Friday, March 6, 2009

First Frame Update

Well, our "last gasp of winter" (maybe) snowstorm this past weekend, put a crimp in my riding plans, but the weather made an abrupt turnaround and we had sun and 60s today! Since our shop is still in "winter hours", I have a longish break in the afternoon, so I got out for about an hour's ride on the new bike.

You can see it here, as currently set up. It's still a work in progress, which doesn't really surprise me. Since my last post, I got the fenders and rack and saddlebag on, which makes it look really "complete" to me. I built the bike to be practical.. for touring, for commuting, for shopping, for all weather and many surface conditions. So the fenders are an essential element, as is the rack. The saddlebag, a Carradice Nelson Longflap from England, is what I carry my small daily commute load in, and its' also suitable for a quick trip to the grocery store if I need one or two items. The rack will support panniers for touring or heavier shopping loads.

At the moment, the only things "missing" from what I had originally planned for the bike are a front rack for panniers (for touring) and a cyclecomputer. Oh, and since the bike was designed to handle 42mm wide tires with fenders, I've ordered a set of Schwalbe Marathon Supreme tires in that size. I've heard good things about them, and they're one of the few high quality tires made in that size.

Now, one thing that seems clear after the first few rides is that the "trekking" style bars just don't feel right on this bike. I've used them before on an old mountain bike that I used as a commuter and general knocking around bike, but they just feel awkward on this bike. Basically, they feel too upright and too wide for the uses I imagine for this bike. Some of that is because I'm most accustomed to "drop" style handlebars, so that's what feels most natural. But I think part of it is also due to the relatively short top tube of the frame. I designed it based on my old Miyata 1000, which has a short top tube compared to most modern bikes, but it fits me just fine... with drop handlebars. I could try a different stem with more reach, but I also don't really like the width of these bars, particularly in a headwind... it just feels like I really catch the wind with these bars. So once I get a new set of road brake levers, I'll put on a set of Nitto drop bars I have already.

It's not a big deal... I had actually had in mind the idea that I might swap the bars around based on how I was using the bike at a particular time. For example, if I knew I were going to do a long off-road tour, I might opt for the trekking bars, but switch back to drops for normal road use. However, I have a feeling I'm just going to settle into drop bars on this bike and be happy with them.

Keep watching this space for updates! As I said, it's a work in progress. And for you serious bike geeks out there, soon I'll spell out exactly what parts I built the bike up with.

More pictures at

Thursday, March 5, 2009

Strange Bike

Recently a rather odd bike came into the shop. Odd for two reasons... first because it bore the name of a famous automobile line... Lamborghini! Now that's actually not so odd.. there have been plenty of other cases where a name famous for some other sort of product is applied to a bicycle, in hopes of imparting some of the cachet of that brand on the bike, I guess. In rare cases, like a "Smith & Wesson" bike we had in some time ago, or the "Maserati" racing bikes of the 70s, they're actually good quality bikes that the owner of both the bike and the brand could be proud of.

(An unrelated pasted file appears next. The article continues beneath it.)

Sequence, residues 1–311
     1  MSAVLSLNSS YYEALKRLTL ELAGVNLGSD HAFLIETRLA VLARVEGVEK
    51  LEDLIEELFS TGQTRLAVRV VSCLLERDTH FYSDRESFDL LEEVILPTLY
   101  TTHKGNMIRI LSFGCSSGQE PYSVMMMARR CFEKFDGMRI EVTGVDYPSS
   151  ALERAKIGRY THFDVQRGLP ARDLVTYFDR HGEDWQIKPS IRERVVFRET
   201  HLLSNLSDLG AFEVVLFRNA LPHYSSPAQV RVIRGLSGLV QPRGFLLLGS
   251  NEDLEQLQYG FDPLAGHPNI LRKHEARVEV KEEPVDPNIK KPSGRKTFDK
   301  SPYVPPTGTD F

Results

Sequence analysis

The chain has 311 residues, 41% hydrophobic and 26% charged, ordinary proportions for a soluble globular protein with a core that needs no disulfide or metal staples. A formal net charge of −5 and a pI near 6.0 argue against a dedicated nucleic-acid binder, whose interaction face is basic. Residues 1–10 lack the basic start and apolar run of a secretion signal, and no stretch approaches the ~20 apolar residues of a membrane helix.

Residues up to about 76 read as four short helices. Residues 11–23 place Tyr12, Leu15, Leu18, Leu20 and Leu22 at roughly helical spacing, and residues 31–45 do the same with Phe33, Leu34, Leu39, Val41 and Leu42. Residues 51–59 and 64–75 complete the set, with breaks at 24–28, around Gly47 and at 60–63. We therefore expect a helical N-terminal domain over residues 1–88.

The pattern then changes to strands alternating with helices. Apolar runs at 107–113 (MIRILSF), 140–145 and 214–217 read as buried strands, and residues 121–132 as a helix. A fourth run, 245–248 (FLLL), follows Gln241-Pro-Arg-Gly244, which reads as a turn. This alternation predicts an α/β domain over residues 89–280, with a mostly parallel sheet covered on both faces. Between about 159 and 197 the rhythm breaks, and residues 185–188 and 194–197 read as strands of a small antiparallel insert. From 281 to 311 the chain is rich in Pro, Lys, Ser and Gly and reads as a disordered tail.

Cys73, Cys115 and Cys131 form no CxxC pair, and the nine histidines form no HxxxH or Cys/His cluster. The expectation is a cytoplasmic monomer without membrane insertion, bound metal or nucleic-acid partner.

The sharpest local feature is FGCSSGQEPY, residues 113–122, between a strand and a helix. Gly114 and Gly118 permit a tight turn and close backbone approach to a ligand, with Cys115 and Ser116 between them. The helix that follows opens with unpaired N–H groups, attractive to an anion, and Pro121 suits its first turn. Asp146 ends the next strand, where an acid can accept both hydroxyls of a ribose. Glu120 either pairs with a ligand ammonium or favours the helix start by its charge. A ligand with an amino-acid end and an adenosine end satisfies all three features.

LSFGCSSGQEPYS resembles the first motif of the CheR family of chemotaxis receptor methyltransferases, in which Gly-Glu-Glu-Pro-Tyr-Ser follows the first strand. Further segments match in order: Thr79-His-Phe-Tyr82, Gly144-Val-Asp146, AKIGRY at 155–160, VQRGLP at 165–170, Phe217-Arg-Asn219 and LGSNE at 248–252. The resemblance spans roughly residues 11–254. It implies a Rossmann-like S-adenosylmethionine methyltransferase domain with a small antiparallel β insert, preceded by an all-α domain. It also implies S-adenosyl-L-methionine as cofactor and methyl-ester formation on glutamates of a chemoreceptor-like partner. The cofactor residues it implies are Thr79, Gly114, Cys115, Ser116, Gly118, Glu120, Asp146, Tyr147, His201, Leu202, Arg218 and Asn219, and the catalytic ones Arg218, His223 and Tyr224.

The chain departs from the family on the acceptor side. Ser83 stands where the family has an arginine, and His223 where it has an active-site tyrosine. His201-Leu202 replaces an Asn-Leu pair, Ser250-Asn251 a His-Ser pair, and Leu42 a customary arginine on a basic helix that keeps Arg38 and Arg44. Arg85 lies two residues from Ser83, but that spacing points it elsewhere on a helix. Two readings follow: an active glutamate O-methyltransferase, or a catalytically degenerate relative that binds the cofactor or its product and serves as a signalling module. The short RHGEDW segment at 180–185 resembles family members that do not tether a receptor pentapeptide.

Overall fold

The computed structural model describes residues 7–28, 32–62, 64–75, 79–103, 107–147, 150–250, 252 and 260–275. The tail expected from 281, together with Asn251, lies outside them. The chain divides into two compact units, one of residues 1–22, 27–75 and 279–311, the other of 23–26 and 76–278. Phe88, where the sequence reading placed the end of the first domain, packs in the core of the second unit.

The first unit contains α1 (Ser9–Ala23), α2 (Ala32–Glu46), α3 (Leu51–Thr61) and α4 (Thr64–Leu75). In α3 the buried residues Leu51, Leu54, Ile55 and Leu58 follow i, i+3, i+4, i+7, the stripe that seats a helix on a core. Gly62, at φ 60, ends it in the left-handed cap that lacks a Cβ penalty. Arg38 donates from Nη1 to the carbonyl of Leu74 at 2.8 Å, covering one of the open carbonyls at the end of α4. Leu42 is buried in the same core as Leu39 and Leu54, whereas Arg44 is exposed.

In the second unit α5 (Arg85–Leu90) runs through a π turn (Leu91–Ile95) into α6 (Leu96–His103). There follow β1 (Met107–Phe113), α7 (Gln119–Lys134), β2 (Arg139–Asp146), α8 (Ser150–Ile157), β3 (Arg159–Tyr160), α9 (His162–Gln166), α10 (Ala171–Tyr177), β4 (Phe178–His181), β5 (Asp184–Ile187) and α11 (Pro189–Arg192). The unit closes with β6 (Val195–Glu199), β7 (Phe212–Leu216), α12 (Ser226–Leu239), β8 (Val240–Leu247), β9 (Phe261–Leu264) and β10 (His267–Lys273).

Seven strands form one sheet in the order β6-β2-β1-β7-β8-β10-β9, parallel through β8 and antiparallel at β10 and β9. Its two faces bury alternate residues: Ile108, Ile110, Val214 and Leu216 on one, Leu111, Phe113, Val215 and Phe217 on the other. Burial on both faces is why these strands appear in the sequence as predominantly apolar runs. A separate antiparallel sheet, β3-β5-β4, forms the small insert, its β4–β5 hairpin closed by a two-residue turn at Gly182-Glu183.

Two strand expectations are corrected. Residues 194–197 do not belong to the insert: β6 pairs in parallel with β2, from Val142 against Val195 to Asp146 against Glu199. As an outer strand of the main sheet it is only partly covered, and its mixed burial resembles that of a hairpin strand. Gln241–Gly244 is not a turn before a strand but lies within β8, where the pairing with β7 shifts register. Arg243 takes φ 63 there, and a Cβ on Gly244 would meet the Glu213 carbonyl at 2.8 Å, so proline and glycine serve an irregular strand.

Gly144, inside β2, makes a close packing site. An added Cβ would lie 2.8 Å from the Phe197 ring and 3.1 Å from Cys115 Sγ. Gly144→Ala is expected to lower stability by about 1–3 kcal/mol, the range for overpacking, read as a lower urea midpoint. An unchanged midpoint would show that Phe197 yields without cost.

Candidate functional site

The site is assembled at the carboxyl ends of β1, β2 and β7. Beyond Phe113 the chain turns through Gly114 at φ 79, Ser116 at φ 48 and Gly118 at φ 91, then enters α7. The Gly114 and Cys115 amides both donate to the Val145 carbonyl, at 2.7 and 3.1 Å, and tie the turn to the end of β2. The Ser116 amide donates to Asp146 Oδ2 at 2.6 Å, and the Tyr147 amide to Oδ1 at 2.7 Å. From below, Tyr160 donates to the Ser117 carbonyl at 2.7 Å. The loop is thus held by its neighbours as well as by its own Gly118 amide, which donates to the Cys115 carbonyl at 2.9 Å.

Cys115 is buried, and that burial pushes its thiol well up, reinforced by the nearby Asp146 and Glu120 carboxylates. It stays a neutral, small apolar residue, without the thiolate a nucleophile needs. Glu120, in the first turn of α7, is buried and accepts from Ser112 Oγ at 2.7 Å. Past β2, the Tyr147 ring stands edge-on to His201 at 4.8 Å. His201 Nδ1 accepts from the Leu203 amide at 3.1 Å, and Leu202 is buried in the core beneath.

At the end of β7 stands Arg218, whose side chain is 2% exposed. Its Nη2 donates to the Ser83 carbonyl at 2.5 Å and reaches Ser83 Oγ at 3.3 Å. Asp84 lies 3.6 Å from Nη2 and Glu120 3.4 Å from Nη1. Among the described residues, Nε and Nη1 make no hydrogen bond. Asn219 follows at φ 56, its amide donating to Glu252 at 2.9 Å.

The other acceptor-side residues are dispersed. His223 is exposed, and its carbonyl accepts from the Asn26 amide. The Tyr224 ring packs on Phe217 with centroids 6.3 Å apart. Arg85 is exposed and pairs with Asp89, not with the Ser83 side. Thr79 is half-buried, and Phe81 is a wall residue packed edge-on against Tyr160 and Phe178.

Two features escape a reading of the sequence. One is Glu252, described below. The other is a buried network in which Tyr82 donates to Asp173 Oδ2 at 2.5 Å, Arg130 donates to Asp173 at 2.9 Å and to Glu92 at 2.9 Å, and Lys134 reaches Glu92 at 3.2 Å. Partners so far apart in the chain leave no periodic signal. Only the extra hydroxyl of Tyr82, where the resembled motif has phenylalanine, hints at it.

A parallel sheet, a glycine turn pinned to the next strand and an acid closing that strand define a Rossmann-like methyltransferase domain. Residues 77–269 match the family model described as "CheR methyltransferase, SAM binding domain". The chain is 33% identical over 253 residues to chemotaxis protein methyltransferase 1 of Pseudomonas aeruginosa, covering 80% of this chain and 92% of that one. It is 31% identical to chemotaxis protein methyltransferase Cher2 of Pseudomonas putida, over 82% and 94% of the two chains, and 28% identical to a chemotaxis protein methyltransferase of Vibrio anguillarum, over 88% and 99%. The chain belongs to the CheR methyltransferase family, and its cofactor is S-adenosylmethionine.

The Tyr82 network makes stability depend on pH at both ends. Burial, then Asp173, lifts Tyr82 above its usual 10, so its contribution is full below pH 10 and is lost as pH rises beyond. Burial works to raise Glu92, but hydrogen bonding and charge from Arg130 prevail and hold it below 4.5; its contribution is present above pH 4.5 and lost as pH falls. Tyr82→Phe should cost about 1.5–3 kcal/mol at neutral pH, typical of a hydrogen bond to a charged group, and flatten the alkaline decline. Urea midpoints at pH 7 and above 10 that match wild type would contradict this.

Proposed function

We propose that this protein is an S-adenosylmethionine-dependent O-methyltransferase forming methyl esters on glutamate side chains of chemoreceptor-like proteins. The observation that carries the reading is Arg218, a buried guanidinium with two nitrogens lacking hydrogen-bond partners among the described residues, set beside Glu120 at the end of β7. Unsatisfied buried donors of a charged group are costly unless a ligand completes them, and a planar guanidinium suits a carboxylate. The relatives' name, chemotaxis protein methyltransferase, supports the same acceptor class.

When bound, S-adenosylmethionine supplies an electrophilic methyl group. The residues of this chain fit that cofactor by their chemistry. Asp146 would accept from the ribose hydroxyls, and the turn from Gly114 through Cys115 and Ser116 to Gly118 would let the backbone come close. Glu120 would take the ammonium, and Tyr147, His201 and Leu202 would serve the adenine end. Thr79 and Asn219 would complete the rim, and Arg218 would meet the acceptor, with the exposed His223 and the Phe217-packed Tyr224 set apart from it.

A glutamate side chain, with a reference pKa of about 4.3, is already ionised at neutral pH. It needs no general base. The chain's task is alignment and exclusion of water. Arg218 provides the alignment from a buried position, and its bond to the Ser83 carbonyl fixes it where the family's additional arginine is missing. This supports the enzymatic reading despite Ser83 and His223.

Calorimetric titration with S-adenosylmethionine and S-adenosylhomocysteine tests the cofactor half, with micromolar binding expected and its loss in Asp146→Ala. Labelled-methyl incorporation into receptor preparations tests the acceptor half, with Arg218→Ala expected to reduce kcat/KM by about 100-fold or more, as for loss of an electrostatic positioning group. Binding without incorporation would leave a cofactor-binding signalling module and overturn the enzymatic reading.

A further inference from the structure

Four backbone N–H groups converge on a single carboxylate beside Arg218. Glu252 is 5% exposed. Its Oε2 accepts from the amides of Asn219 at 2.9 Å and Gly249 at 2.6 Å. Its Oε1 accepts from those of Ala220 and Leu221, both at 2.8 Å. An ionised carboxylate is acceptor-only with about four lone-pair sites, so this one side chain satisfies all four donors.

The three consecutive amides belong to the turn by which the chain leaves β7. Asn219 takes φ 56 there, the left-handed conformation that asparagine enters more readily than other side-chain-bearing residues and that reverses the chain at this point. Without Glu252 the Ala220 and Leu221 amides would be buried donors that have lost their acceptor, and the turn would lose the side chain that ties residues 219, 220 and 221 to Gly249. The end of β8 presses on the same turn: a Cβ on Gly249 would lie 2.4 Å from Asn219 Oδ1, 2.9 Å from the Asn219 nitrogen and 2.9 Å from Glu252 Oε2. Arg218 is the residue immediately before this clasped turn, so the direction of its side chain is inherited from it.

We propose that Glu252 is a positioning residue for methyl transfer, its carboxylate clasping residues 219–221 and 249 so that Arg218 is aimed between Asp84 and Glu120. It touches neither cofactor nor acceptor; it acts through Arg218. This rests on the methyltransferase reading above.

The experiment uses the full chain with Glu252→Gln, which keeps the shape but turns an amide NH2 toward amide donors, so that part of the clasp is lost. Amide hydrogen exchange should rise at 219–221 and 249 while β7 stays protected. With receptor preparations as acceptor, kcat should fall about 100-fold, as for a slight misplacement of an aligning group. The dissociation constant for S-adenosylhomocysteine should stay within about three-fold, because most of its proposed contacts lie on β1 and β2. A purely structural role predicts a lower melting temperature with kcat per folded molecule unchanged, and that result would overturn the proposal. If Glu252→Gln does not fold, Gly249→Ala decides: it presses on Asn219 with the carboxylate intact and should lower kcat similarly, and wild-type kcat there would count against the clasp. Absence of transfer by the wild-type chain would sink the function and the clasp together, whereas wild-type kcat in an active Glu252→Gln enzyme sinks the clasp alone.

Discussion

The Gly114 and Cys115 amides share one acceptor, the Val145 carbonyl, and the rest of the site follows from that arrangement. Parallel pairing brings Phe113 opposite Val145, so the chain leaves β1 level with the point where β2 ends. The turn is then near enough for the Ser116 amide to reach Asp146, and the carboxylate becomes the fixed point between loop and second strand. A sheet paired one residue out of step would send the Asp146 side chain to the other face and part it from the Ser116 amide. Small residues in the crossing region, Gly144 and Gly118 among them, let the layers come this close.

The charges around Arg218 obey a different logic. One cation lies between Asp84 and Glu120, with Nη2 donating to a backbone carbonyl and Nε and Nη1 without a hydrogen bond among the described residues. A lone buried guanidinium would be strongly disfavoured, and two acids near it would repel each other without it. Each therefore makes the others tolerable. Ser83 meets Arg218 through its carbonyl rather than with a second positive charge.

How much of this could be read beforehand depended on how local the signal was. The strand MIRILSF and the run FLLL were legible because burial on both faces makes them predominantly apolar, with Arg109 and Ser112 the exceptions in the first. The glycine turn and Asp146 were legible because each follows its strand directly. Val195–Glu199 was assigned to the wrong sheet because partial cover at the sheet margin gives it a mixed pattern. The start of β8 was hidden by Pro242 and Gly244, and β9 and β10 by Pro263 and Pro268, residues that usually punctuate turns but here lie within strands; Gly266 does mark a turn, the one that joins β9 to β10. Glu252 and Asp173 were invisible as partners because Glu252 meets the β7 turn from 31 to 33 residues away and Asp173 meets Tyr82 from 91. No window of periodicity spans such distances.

This bike, however, and most other such bikes, basically rely on the name to cast a sense of value and exclusivity onto an otherwise pretty mundane bike. This one isn't a BAD bike... it's just a mass-produced bike from China with low end parts that wouldn't be out of place on some bikes from mass merchants, aka "big box stores", or perhaps a sporting goods shop like Dick's or Sports Authority. It's just a little weird to see the name of a very high end Italian automaker on such a bike.

While working on the bike, I noticed something even stranger. Take a look at the decal on the chain stay there in the photo. If you click on the photo to see it full size, you can see it says "Powered by Shimano". Now that in and of itself isn't that unusual... many bikes, especially lower end ones, are emblazoned with decals that bear the name of a famous component maker, and arguably Shimano is the most widely known these days, so it makes sense that the bike maker would do some "name dropping".

What makes this one strange, is that I looked over the whole bike, thoroughly, and found the derailleurs were made by SRAM, the hubs by Quando, the brakes by ProMax, the cranks by SR SunTour... but not a single part from Shimano! Very odd. I've honestly never seen this before... always before if the bike proudly proclaimed something like "Powered by... " there's been at least SOME part made by that maker. Maybe it was a simple mixup at the factory. Maybe they had a bunch of leftover decals. Maybe the specifications changed after the graphics package was designed and printed. Whatever the reason, it's just kind of bizarre. And I have to wonder how Shimano would feel about it!